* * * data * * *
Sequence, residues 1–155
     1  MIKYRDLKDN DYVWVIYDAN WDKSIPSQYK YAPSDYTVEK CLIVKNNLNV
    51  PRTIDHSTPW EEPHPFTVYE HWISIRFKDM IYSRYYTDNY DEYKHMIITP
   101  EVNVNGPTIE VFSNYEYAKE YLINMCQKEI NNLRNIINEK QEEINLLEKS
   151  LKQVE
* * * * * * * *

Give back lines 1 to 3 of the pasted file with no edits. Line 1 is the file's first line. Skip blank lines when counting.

Sequence, residues 1–155
     1  MIKYRDLKDN DYVWVIYDAN WDKSIPSQYK YAPSDYTVEK CLIVKNNLNV
    51  PRTIDHSTPW EEPHPFTVYE HWISIRFKDM IYSRYYTDNY DEYKHMIITP